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Armed civilian patrols will hurt more than help, Rapid City police say
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Social media rumors have some up in arms

Armed civilian patrols will hurt more than help, Rapid City police say


Civilians organizing armed patrols in an attempt to help law enforcement will actually hinder them, according to the Rapid City Police Department.

“We appreciate any support for law enforcement, but we want to be able to do our job, and we don't want anybody to try to do our job,” Lt. Andy Becker told the Journal Monday morning.

Becker said armed civilians preemptively patrolling businesses could actually encourage protesters who had no plans to show up. He also said armed civilians shouldn’t try to help law enforcement if any violent protest does break out.

“We need to be able to do our job, to contain the problem and issue, and having folks threatening to take matters into their own hands actually only makes it harder for us to do the job,” he said.

Becker spoke to the Journal in the parking lot outside of the old Sears at the Rushmore Mall where several dozen members of the Defend RCPD/Rapid City Facebook group gathered at 11 a.m.

The members — some carrying handguns on their belts — were met by Becker, the department's community relations specialist, a deputy from the Pennington County Sheriff's Office and the mall manager. 

Members of the private group — which had more than 5,500 members by Monday afternoon after being created on Sunday — are sharing rumors they’ve heard about outsiders arriving in cars or buses to riot in Rapid City.

“Just heard a rumor,” “have been told,” “I have already heard from several sources,” some posts begin. Other members are sharing information about what kind of ammunition and weapons they own, or asking to borrow gear. 

"We are aware of rumors posted on social media about out-of-state looters/rioters coming to Rapid City," the police department said on its social media pages Monday afternoon. "We have found no evidence to substantiate these claims."

Some protesters rioted Sunday night in Sioux Falls but rumors of busloads of out-of-town protesters being involved also appears to have been a false rumor. The city's police chief said law enforcement monitored for buses but found no evidence of them, according to a Twitter post from reporter Jeremy Fugleberg.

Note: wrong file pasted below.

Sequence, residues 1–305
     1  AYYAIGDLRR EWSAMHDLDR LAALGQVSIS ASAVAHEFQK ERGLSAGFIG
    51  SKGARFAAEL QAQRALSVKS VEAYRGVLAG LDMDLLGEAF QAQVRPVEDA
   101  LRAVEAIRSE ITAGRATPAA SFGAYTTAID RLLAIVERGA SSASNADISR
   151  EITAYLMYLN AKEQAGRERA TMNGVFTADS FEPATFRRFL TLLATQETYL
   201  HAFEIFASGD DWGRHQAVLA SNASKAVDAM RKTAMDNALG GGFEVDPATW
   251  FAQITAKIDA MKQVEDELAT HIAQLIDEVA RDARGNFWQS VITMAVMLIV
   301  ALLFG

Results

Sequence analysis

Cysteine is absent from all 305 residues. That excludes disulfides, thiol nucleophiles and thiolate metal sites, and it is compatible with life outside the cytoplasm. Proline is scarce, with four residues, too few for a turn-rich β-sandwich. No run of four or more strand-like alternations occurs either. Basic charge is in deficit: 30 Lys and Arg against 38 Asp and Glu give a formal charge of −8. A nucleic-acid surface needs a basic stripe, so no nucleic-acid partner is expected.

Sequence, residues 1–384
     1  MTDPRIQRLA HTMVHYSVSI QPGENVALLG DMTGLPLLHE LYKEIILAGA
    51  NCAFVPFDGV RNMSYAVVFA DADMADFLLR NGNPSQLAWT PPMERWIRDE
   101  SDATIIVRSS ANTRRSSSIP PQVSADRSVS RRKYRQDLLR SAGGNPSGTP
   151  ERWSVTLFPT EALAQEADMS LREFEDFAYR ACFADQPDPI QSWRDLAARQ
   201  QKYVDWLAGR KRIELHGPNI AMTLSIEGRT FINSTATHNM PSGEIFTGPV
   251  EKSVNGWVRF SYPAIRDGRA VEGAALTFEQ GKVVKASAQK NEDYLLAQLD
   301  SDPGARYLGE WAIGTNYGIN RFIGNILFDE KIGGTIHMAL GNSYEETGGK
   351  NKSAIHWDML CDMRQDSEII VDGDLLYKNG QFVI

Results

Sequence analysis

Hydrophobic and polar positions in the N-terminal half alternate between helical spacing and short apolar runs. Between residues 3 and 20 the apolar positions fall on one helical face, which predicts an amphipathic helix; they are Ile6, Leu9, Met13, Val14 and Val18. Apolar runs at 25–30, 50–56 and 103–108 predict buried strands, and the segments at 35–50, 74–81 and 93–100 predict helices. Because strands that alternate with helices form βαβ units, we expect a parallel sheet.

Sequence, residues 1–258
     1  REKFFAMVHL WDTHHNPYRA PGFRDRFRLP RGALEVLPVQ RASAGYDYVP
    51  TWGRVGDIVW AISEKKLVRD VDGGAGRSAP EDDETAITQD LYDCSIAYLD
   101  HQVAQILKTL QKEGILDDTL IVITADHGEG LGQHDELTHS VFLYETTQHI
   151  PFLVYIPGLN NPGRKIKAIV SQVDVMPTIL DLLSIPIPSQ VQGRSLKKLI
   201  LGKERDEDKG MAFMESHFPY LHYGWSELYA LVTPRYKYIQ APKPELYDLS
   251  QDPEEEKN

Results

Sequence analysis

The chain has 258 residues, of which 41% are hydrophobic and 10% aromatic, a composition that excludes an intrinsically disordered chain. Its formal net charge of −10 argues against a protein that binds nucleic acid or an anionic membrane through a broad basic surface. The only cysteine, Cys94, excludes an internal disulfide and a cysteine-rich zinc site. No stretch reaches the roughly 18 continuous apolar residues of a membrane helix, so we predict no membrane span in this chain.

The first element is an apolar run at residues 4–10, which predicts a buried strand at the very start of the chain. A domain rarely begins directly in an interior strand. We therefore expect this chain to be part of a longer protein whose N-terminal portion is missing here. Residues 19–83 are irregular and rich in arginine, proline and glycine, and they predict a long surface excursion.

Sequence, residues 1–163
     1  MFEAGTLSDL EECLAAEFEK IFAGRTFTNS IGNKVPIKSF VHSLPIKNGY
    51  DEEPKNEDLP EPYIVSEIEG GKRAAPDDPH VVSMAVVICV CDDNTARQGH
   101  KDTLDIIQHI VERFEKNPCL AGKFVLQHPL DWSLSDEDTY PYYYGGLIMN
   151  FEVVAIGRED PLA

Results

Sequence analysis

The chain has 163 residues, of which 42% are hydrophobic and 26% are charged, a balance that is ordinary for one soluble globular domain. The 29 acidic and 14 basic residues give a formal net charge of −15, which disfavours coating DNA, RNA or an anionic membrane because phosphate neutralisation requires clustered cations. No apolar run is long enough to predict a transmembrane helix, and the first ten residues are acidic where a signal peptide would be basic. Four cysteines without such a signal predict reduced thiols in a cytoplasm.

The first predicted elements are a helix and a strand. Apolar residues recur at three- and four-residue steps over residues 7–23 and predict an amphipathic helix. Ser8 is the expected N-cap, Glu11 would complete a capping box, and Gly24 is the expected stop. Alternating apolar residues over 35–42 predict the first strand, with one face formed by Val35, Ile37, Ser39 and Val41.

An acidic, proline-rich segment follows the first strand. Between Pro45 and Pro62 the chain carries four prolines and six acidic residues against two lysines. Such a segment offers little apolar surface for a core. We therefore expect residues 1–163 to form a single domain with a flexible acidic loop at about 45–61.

“The right communications are being made,” Becker said when a man asked if the National Guard is on standby like it was in Sioux Falls on Sunday.

The mall shut down around 12:45 p.m., according to its Facebook Page. And some downtown business owners prepared for riots after being advised to do so by the police department. 

"Main Street Square and Downtown Rapid City has been advised by the Rapid City Police Department to relay the following suggestions. The intent is not to cause concern but rather to educate on ways to assist our small business owners in the event of a disruption," the organizations said in an email to members.

The department recommended business bring outside items — such as furniture and flower pots — inside, store their cash, move high-value items away from the windows, and remove loose bricks outside their buildings by noon. 

During the meeting outside the mall, people said they were upset about the killing of George Floyd, support peaceful protests but are against rioting, and wanted to show their support for law enforcement.

Business owners said they don’t want their businesses to be damaged and Becker said they have the right to defend their businesses.

The Defend RCPD/Rapid City Facebook group was founded by Kenneth Dirk, a 38-year-old from Rapid City.

“If you talk to anybody in the country, that was wrong,” Dirk said about how a former Minneapolis police officer pressed his knee against Floyd’s neck for nearly nine minutes.

Dirk said he supports peaceful but not violent protests and that he saw a video from Sioux Falls of people talking about wanting to come riot in Rapid City.

“That sparks a concern because I don't want to see that happen here,” he said.

Becker said the Rapid City Police Department feels the same way about peaceful protests vs. riots.

“They have every right to be peaceful and protest about the (Floyd) incident if they're feeling hurt,” he said. ‘We just don’t want it to escalate like it has in other cities.”

Dirk said his plan was to stand in front of law enforcement in the event of a riot. He pointed to footage of unarmed protesters doing the same in Sioux Falls as some other protesters began to throw rocks at officers. Dirk said he is always armed so he would bring his gun with him.

I want law enforcement to know “they’re not alone,” he said.

“I hope people are responsible” Dirk said when asked if he hopes group members avoid the armed patrols Becker spoke out against. ​

— Contact Arielle Zionts at

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